Lead-Based Paint Safety

SKU: C-338Duration: 28 Minutes Certificate Included

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Course Details

Specs

Training Time: 28 minutes

Compatibility: Desktop, Tablet, Phone

Based on: 29 CFR 1910.1025 Subpart Z – Toxic and Hazardous Substances - Lead

Languages: English

This course covers basic guidelines and best practices for working safely around lead-based paint. Even though U.S. legislation passed in 1978 has dramatically limited the allowable lead levels in paint, lead-based paint is still present in many residential and commercial buildings. Based on OSHA standards set forth in 29-CFR 1910.1025 related to lead exposure in the workplace, this course is designed to help workers recognize and avoid the hazards associated with lead-based paint.

At the end of this module, you will be able to:

  • Describe why lead has historically been used in paint
  • Identify dangers and health effects of lead-based paint
  • Describe how to recognize and avoid the hazards associated with lead-based paint

The following key questions are answered in this module:

What is lead?
Lead is a naturally occurring element that is a dull silver-bluish color. It is dense, malleable, resists corrosion, and has a low melting point. Lead is sometimes found free in nature, but usually combines with other elements to form lead compounds.

What are some unique characteristics about lead?
Due to the high density of lead, it is used as a shield from the radiation given off by X-ray machines and nuclear reactors. Its resistance to corrosion makes lead a good candidate for lining containers and tanks that hold corrosive materials such as acid.

What are the two main ways workers can become over-exposed to lead?
The two main ways to become exposed to lead are inhalation and ingestion. Ingestion usually occurs when lead particles on the hands or face are taken in while eating or smoking, and are passed from the mouth into the stomach, absorbed into the bloodstream, and then distributed throughout the body. Inhalation occurs when airborne dust particles enter the body though the lungs. The particles in the lungs are absorbed into the bloodstream and then distributed throughout the body.

What are common effects from being exposed to lead or getting lead poisoning?
Early symptoms of lead poisoning include stomach aches, diarrhea, poor appetite, colic, lethargy and irritability. Lead poisoning can destroy red blood cells causing anemia, high blood pressure, and muscle and joint pain. Effects on the brain include nervous system disorders, loss of memory, difficulty concentrating, and distractibility. Effects on the reproductive system include birth defects, miscarriages in women, and impotency, or sterility in men.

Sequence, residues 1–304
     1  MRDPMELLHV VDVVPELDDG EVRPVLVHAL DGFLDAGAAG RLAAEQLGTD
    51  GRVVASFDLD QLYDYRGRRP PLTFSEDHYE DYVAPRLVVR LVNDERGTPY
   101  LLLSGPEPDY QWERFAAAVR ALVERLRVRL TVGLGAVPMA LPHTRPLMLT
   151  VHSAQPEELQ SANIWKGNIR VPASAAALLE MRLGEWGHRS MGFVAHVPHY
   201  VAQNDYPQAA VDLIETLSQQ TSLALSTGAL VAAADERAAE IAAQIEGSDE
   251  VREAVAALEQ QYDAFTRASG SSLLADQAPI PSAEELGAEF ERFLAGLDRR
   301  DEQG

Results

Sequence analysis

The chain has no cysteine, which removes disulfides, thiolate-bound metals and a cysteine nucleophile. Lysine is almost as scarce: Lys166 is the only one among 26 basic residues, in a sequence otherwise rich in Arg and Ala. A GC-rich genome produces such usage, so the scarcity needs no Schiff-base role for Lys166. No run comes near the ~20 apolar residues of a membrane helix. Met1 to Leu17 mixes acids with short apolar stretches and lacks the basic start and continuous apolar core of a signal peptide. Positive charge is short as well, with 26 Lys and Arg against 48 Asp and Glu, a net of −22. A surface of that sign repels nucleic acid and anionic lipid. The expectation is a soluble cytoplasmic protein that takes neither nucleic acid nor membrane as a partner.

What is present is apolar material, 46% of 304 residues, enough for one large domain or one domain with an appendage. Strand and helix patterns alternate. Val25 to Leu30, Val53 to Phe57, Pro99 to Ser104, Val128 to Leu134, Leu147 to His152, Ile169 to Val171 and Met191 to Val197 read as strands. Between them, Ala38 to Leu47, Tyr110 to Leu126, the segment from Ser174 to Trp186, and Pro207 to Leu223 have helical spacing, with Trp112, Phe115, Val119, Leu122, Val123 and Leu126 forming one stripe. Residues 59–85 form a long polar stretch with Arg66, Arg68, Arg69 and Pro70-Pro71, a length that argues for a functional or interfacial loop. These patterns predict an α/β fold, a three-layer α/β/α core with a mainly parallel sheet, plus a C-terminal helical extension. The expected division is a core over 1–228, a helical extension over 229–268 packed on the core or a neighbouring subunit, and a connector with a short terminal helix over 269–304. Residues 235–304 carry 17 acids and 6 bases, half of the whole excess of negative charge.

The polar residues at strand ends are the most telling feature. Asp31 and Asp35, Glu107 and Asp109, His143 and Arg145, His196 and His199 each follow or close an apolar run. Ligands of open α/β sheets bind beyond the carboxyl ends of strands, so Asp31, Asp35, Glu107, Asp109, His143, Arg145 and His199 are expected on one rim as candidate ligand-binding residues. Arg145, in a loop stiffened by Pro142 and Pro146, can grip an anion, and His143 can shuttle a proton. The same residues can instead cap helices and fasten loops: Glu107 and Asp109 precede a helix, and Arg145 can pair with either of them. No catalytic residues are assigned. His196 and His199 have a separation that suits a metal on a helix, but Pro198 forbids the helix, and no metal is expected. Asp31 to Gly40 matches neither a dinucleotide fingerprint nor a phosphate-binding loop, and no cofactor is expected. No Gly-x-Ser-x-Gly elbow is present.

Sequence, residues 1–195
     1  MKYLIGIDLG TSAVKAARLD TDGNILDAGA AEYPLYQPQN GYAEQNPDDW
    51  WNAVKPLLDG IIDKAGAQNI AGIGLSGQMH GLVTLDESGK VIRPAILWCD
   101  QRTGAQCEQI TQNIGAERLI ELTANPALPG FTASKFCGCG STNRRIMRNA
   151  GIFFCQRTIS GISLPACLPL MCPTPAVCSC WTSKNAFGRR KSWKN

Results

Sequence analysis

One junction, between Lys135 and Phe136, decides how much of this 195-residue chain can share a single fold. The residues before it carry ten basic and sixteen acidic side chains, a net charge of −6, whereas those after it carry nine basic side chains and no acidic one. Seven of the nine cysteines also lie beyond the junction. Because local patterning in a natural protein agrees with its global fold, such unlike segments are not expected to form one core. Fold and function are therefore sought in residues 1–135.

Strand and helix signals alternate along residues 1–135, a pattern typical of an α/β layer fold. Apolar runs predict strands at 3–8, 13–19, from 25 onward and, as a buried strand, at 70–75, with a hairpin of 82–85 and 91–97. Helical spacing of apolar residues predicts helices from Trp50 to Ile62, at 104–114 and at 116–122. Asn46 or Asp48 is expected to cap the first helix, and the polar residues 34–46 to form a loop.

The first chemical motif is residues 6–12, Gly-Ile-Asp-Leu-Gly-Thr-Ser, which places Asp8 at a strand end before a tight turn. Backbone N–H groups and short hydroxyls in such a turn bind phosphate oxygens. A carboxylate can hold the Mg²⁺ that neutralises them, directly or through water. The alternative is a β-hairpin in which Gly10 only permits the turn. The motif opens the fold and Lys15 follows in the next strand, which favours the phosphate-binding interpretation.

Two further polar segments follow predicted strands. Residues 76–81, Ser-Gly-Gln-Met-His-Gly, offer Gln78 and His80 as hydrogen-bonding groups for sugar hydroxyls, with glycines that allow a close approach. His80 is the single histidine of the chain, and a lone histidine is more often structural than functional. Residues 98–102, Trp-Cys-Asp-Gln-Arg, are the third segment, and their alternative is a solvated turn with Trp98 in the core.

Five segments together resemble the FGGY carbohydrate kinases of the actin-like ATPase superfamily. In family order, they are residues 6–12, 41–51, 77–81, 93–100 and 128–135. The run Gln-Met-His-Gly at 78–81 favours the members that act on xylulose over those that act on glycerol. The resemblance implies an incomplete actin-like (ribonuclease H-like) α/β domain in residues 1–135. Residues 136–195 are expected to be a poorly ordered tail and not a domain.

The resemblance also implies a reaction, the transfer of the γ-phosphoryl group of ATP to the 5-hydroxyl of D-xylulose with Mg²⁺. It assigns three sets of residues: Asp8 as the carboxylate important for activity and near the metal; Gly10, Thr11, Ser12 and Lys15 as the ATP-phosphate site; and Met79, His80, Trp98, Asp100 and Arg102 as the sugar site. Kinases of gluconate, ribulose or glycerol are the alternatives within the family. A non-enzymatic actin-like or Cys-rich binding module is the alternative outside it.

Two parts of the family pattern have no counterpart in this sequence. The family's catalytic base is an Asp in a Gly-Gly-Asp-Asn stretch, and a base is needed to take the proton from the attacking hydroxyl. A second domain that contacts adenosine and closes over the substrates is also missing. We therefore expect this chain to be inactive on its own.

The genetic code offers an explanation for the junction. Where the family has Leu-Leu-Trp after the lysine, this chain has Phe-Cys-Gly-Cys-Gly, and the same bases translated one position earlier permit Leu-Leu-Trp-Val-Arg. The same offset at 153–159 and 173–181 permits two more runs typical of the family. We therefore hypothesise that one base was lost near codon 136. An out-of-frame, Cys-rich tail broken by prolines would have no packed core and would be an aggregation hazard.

Below is a transcript of the video sample provided for this module:

Lead is a naturally occurring metal. It has been used for thousands of years for a wide variety of purposes, including as a paint additive. There are three reasons why lead has been used in paint. The first reason is that lead is very resistant to corrosive substances like acid. The second reason is that lead, when combined with other materials to form compounds, produces vibrant and lasting paint colors. The third reason is leads abundance. Its extensive availability makes it a much cheaper alternative than other substances that have similar properties. Despite its useful properties, lead is a potent narrow toxin that has severe and permanent damaging effects on the human body. Even a single chip of lead containing paint can contain enough lead to cause serious health problems.

Use the additional resources and links below to learn more about this topic:

  • U.S. Department of Labor’s Occupational Safety & Health Administration (OSHA) – www.osha.gov
  • OSHA Safety and Health Topics - https://www.osha.gov/SLTC/lead/
  • OSHA FactSheet - https://www.osha.gov/OshDoc/data_Hurricane_Facts/LeadHazards.pdf
  • National Institute for Occupational Safety and Health (NIOSH) – www.cdc.gov/niosh/
  • NIOSH Publications - http://www.cdc.gov/niosh/docs/98-112/
  • NIOSH Workplace Safety & Health Topics - http://www.cdc.gov/niosh/topics/lead/

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